“EMS personnel have an occupational fatality rate of 9.6 per 100,000 workers per year, in transportation-related incidents. The death rate is 6.3 for police; 4.5 for firefighters and 2 for average citizens.” (National Institute for Occupational Safety & Health)
Because you chose us for your daily dose of reality therapy, we will inform you right now that Code-3 (lights & siren) ambulance responses happen thousands of times a day for no good reason. In spite of what plenty of fine folks have come to believe – maybe even you – the fact is EMS ‘shock & awe’ is rarely a significant influencer in saving lives by getting to the patient faster. Neither does it usually improve patient outcomes by getting them to the ER a blink or two quicker. More than a few studies have shown that – contrary to the convictions of the EMS world – Code-3 driving puts medics; their patients; other responders and the public in unnecessary peril. So much so that, by all measurable criteria, the routine practice quite possibly generates as much trauma and death as it prevents. Now, how smart can that be really?
The tradition of flipping on lights & sirens by ambulance teams has, over seven decades, morphed into a reflex so axiomatic that few people on either side of the EMS equation give it much real thought. It just is. Code-3 has been elevated to a sacramental practice which now sports all the hallmarks of – as comedian Stephen Colbert likes to say – ‘truthiness.’ It must be right because it feels right.
Code-3 is religious dogma because, well, by God, it’s an emergency. It appeals to our sense of righteousness.
“Let’s go! Fast is good, faster is better!”
No, actually, it isn’t.
Just because something feels like warm and fuzzy common sense, doesn’t mean that it is. In five out of eight lights & siren responses you happen to witness on city streets on a given day, those fine folks in uniform are dashing off to no true emergency at all. In nearly every one of the other three cases, arriving one, two or three minutes later would have no downside whatsoever.
As far back as 20 years ago, research conducted for the Annals of Emergency Medicine determined that the time getting from the scene of an incident to the emergency room, in a given city, was 43 seconds slower without lights and sirens. And while this difference in ambulance time may seem important to the citizenry – it is certainly not important medically.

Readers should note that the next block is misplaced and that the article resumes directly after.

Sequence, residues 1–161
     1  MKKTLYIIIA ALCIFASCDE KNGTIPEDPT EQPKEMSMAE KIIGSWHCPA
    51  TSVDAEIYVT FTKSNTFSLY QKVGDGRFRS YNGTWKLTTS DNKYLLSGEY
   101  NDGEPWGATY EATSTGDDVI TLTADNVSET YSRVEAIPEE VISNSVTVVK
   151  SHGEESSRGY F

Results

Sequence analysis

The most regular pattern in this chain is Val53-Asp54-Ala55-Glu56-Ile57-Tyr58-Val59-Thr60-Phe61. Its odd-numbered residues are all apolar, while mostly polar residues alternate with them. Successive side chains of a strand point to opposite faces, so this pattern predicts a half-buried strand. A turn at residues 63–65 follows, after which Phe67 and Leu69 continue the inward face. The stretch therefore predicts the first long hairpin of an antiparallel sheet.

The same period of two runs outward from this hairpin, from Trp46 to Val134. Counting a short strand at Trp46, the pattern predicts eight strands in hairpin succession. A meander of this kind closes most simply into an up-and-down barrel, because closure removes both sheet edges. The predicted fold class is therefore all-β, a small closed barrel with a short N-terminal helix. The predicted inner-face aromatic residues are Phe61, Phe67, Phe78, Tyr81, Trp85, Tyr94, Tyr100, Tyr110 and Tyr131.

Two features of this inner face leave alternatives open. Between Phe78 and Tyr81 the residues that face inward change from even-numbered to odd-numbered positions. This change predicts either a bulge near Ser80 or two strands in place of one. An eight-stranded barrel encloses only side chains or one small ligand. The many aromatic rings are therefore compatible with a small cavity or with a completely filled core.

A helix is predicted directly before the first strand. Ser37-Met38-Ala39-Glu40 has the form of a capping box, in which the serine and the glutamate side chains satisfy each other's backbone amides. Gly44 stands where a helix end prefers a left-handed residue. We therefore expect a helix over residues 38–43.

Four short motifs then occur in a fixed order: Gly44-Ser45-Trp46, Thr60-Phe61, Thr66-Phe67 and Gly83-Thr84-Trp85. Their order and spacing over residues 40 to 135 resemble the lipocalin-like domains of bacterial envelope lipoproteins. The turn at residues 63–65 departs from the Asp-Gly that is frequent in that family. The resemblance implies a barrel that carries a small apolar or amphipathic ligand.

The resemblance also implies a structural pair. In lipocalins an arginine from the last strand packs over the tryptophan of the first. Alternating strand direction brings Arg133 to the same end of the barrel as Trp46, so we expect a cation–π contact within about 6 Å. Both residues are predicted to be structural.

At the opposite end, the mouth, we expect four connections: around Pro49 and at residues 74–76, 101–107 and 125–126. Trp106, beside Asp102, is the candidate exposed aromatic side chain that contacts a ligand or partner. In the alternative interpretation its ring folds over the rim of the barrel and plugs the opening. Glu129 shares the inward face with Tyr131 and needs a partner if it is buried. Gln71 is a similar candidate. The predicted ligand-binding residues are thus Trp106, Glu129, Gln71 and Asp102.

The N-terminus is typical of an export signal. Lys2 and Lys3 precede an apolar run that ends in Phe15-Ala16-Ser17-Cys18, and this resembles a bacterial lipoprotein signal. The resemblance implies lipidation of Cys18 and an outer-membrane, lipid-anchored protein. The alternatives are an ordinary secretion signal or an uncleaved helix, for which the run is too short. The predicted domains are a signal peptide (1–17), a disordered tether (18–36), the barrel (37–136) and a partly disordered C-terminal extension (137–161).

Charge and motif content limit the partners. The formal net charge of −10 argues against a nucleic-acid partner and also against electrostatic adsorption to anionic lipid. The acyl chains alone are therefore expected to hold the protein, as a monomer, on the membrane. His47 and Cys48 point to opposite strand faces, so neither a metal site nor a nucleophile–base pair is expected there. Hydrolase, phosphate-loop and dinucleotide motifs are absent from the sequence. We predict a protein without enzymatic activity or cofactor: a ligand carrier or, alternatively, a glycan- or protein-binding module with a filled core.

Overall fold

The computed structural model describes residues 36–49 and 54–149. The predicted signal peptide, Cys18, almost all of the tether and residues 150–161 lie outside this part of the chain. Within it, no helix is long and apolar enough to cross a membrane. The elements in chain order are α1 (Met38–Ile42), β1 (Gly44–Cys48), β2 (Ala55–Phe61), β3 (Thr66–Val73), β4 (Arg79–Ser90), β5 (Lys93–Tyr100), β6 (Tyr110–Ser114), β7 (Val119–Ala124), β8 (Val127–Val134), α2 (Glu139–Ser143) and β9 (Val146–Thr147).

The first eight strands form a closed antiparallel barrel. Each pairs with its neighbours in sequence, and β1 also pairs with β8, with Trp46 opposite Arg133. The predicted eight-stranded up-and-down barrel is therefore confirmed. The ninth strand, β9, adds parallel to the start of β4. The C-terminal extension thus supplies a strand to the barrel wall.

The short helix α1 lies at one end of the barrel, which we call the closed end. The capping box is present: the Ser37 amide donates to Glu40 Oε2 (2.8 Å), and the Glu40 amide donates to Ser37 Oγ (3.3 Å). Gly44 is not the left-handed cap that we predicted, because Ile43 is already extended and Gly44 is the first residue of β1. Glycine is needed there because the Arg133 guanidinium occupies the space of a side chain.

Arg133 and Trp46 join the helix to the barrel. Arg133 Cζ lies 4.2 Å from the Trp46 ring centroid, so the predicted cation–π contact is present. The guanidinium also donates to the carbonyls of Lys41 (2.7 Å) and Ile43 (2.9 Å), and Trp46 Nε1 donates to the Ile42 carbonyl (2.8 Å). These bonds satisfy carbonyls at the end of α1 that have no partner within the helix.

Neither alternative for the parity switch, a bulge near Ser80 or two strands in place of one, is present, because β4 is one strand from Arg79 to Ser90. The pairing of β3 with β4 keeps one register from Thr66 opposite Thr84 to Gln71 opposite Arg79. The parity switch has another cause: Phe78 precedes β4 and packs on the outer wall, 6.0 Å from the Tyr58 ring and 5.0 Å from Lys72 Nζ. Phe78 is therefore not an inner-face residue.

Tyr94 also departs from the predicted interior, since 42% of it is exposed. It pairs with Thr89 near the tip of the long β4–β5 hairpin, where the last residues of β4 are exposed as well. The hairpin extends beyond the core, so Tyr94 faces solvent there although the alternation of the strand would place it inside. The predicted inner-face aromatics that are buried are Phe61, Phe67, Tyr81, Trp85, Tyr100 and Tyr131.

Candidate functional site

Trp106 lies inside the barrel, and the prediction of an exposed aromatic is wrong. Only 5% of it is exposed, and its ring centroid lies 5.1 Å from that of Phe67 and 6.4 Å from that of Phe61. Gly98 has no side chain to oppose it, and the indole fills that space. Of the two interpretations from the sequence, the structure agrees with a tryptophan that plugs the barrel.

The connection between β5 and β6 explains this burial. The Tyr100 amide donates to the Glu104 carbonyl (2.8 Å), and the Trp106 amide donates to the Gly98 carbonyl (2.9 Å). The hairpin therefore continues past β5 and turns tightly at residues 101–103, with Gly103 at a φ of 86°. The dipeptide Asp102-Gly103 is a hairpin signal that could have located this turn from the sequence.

In layman’s terms, delivering you to the ER 43 seconds faster, does not mean hospital staff can work magic within those extra seconds to improve your situation. In fact, 5-10 minute delays are almost never clinically important either.
A few minutes saved were probably once clinically valuable in a fraction of cases, in the era when speed was all an ambulance had to offer. For the most part, detailed physical assessment and advanced-level intervention just did not happen with unskilled care providers of the times. But today there exists practically no circumstance where “a minute lost is a patient lost.” In fact and in most cases, the first half-dozen things that a doctor and nurse would do, have already been done. That is what basic and advanced life support gets you. It’s why we master medicine instead of drag racing.
For nigh on 40 years the eight-minute response time has been the platinum standard for the value of EMS to its community. The “we’re quicker than the other guys” mentality has dominated practically every EMS contract conversation since Emergency.
In the era of the Gold Rush the mantra of the macho was, “who’s the fastest gun in the West?” In the outré world of EMS, it still is. Playing the speedy-medic card is – to a great extent – exactly how the largest EMS provider in the U.S. won all those lucrative contracts. American Medical Response succeeded in leveraging the fuzzy math of quicker ambulances, to convince 2,000+ communities that parking Paramedics on street corners means faster times and by default, a better way to do things.
Not even close. Quite the opposite, in fact. The unintended consequences are astronomical.
What it guarantees instead is a never-ending stream of twenty-something burned-out medics with often not much in the life-experience bucket, using the revolving door of AMR to gain a modicum of street-cred while they shop for a ‘real’ job. And real positions – if you ask them, anyway – mean you’re not parked at Poco Taco assuaging your stress with a burrito after treating a bloody mess. To the contrary, rescuers should be afforded the simple decency of being allowed to return to a crew quarters; take a shower and decompress from the god-awful mess they just experienced. Mind you, medics don’t require much in order to do the job properly. A shower and a bunk, a fresh shirt and a padded cell would cut staff turn-over by 90%.
In the bizarre world of EMS, this nation’s largest care provider subscribes to the same theory of staff hiring and turnover as McDonald’s hamburgers: mediocrity works just fine, and they can always find new medics for less money when the experienced ones can’t take it anymore.
Our antiquated, arranged marriage of ‘quick response’ to ‘the best interest of the public’ is but one aspect of health care that turns logic on its dizzy head. Distilled to its lowest common denominator, private carrier EMS has convinced you of this little mind-bend:
“Don’t worry. We’ll save you, even if it ends careers; trashes a noble profession; bankrupts half of us and kills people.”
And it certainly does.
(Excerpt from the book, “The Paramedic Heretic.”)
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